Computational connectionism within neurons: A model of cytoskeletal automata subserving neural networks

Steen Rasmussen, Hasnain Karampurwala, Rajesh Vaidyanath, Klaus S. Jensen, Stuart Hameroff

Research output: Contribution to journalArticlepeer-review

106 Scopus citations


"Neural network" models of brain function assume neurons and their synaptic connections to be the fundamental units of information processing, somewhat like switches within computers. However, neurons and synapses are extremely complex and resemble entire computers rather than switches. The interiors of the neurons (and other eucaryotic cells) are now known to contain highly ordered parallel networks of filamentous protein polymers collectively termed the cytoskeleton. Originally assumed to provide merely structural "bone-like" support, cytoskeletal structures such as microtubules are now recognized to organize cell interiors dynamically. The cytoskeleton is the internal communication network for the eucaryotic cell, both by means of simple transport and by means of coordinating extremely complicated events like cell division, growth and differentiation. The cytoskeleton may therefore be viewed as the cell's "nervous system". Consequently the neuronal cytoskeleton may be involved in molecular level information processing which subserves higher, collective neuronal functions ultimately relating to cognition. Numerous models of information processing within the cytoskeleton (in particular, microtubules) have been proposed. We have utilized cellular automata as a means to model and demonstrate the potential for information processing in cytoskeletal microtubules. In this paper, we extend previous work and simulate associative learning in a cytoskeletal network as well as assembly and disassembly of microtubules. We also discuss possible relevance and implications of cytoskeletal information processing to cognition.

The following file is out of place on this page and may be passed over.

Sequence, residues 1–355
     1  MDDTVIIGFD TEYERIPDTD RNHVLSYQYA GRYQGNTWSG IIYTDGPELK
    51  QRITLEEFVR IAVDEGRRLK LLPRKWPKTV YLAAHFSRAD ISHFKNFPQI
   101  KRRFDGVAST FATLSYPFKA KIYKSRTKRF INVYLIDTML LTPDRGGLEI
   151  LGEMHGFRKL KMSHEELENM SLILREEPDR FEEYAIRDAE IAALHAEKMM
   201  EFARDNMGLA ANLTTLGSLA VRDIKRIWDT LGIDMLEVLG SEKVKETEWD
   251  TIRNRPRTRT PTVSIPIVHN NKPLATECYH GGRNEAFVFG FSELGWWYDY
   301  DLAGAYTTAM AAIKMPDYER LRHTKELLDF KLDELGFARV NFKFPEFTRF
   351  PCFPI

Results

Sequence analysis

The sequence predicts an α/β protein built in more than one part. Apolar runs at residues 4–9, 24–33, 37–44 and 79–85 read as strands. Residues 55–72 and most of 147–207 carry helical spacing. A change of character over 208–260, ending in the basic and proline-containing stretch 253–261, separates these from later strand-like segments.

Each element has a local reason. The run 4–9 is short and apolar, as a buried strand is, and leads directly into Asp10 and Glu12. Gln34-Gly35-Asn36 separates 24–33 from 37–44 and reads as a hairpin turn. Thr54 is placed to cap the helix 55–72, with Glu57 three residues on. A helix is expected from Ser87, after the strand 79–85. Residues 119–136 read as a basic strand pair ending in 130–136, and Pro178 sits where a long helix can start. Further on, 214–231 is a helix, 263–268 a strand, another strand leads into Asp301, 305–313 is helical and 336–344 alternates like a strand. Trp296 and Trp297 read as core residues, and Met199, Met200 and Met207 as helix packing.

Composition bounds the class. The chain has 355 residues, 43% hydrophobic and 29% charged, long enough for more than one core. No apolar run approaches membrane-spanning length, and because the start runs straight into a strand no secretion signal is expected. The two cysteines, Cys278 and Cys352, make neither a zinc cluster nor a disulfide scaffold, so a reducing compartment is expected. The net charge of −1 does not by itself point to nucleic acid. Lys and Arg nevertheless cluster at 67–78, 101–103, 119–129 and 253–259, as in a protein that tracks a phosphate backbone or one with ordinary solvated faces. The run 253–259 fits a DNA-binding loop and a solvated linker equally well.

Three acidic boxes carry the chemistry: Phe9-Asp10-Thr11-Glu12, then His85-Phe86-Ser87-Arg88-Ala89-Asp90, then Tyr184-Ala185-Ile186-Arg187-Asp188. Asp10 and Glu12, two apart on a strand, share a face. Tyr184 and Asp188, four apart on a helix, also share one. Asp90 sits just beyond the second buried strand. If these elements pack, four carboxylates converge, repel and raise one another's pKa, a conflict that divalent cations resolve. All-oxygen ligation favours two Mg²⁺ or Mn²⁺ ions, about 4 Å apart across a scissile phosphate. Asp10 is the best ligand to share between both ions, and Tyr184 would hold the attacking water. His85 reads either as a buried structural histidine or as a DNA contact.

Original languageEnglish (US)
Pages (from-to)428-449
Number of pages22
JournalPhysica D: Nonlinear Phenomena
Issue number1-3
StatePublished - Jun 1990

ASJC Scopus subject areas

  • Statistical and Nonlinear Physics
  • Mathematical Physics
  • Condensed Matter Physics
  • Applied Mathematics


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